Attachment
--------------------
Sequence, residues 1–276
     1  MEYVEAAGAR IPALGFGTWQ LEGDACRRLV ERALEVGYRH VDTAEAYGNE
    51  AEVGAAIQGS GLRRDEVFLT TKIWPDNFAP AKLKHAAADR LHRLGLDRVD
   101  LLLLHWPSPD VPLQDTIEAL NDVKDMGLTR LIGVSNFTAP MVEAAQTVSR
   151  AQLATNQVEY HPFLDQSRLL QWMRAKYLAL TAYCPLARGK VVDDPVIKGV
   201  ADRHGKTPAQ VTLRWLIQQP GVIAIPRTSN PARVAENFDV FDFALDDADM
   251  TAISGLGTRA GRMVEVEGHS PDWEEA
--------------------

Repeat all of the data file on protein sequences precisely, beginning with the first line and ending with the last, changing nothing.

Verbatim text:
Sequence, residues 1–276
     1  MEYVEAAGAR IPALGFGTWQ LEGDACRRLV ERALEVGYRH VDTAEAYGNE
    51  AEVGAAIQGS GLRRDEVFLT TKIWPDNFAP AKLKHAAADR LHRLGLDRVD
   101  LLLLHWPSPD VPLQDTIEAL NDVKDMGLTR LIGVSNFTAP MVEAAQTVSR
   151  AQLATNQVEY HPFLDQSRLL QWMRAKYLAL TAYCPLARGK VVDDPVIKGV
   201  ADRHGKTPAQ VTLRWLIQQP GVIAIPRTSN PARVAENFDV FDFALDDADM
   251  TAISGLGTRA GRMVEVEGHS PDWEEA